Many more countries are grounding Boeing jets after the recent tragedies, lawmakers, aviation workers and consumers call on the United States to do the same. Meanwhile, the head of the aerospace giant on Tuesday made a personal appeal to President Trump.
Boeing’s chief executive, Dennis A. Muilenburg, called from Chicago and assured to Mr. Trump his confidence in the safety of the 737 Max 8 jets, according to two people briefed on the conversation. Two of the planes flown by overseas carriers have crashed in recent months in similar accidents.
The brief call had been in the works since Monday, but it came shortly after Mr. Trump raised concerns that the increasing use of technology in airplanes was compromising passenger safety. “Airplanes are becoming far too complex to fly,” he wrote on Twitter. “Pilots are no longer needed, but rather computer scientists from MIT.”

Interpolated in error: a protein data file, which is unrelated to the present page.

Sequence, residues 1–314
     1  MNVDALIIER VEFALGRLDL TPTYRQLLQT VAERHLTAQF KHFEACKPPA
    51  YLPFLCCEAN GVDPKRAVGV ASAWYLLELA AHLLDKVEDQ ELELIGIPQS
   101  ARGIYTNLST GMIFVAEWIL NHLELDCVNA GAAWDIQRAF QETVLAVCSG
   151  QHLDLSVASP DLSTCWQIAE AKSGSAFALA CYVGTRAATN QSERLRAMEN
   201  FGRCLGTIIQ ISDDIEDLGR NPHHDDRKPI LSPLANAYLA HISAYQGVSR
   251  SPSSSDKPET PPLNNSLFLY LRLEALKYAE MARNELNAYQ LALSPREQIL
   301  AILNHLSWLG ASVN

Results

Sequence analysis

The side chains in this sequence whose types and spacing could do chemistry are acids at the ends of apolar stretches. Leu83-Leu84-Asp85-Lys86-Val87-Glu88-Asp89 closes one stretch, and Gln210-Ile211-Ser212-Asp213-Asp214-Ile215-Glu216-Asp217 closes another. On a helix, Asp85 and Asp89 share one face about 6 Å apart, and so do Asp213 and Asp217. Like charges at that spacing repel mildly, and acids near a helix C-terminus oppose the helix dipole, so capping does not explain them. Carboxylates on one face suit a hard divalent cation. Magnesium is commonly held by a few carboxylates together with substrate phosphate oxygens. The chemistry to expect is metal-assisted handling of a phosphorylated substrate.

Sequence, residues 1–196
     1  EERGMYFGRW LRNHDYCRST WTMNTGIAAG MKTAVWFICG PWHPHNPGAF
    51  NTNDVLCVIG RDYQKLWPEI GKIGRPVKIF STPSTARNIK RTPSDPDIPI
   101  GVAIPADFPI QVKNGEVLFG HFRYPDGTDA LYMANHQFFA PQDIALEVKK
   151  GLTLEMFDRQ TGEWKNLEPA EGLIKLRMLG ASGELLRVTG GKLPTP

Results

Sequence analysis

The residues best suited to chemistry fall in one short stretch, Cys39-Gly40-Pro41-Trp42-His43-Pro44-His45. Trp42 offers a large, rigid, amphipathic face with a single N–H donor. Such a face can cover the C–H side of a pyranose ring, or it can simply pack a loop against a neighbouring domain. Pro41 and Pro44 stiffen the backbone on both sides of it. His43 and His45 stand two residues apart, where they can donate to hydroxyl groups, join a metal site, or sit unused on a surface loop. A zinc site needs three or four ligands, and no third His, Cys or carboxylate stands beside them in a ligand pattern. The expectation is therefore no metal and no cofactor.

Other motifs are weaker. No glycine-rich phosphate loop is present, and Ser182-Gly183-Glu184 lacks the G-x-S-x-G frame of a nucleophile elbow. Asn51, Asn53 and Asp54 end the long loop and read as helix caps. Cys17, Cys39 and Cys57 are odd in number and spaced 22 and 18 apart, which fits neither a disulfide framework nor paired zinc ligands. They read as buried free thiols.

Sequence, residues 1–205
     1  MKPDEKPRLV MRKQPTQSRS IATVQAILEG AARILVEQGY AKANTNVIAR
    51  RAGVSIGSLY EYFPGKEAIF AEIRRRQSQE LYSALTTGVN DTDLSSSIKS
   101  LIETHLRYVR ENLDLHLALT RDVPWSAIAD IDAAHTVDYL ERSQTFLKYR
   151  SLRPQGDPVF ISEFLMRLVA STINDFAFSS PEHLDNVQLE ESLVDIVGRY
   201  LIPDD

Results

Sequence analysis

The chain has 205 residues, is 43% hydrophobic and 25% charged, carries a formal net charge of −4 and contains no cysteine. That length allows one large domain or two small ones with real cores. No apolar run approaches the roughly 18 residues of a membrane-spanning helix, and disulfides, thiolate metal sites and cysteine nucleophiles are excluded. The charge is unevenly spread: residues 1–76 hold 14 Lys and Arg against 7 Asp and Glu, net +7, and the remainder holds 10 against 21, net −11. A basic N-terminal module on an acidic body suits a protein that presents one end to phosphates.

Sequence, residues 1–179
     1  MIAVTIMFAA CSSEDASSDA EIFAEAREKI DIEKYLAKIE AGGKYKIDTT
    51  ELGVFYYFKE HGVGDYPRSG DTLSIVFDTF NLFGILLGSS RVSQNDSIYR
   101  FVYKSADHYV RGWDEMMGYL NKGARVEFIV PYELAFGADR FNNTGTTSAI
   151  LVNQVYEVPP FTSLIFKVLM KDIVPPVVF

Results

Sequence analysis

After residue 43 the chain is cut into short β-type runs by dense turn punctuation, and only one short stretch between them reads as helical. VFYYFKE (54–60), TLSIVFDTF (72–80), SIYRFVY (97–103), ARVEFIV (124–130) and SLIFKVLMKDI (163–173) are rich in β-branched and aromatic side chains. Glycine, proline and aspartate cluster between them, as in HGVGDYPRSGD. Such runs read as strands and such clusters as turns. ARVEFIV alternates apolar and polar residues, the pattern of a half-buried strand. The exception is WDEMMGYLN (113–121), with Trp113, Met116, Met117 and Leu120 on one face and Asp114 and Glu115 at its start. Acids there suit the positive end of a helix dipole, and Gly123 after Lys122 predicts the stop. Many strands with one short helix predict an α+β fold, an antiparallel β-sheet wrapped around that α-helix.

Not long after the conversation, Mr. Muilenburg received more unpleasant reactions. The European Union suspended “all flight operations” of the Boeing 737 Max 8 model, a striking move by one of the industry’s important regulators. By evening, the Federal Aviation Administration said that it was continuing with its review and that the planes could keep flying.
Yet the decision in Europe means roughly two-thirds of the Boeing Max 8 aircraft in the world have been pulled from use in the two days since the crash of an Ethiopian Airlines flight that killed 157 people. The swift actions by authorities around the world were driven in part by concerns about a connection to a similar disaster involving a Max 8 in Indonesia last October, when a Lion Air flight plunged into the Java Sea shortly after takeoff, killing all 189 people aboard.
[Boeing’s 737 Max 8 jets are grounded nearly everywhere. Here are lists by airline and country.]
By Tuesday afternoon, the United States was nearly alone among major countries still allowing the jets to fly.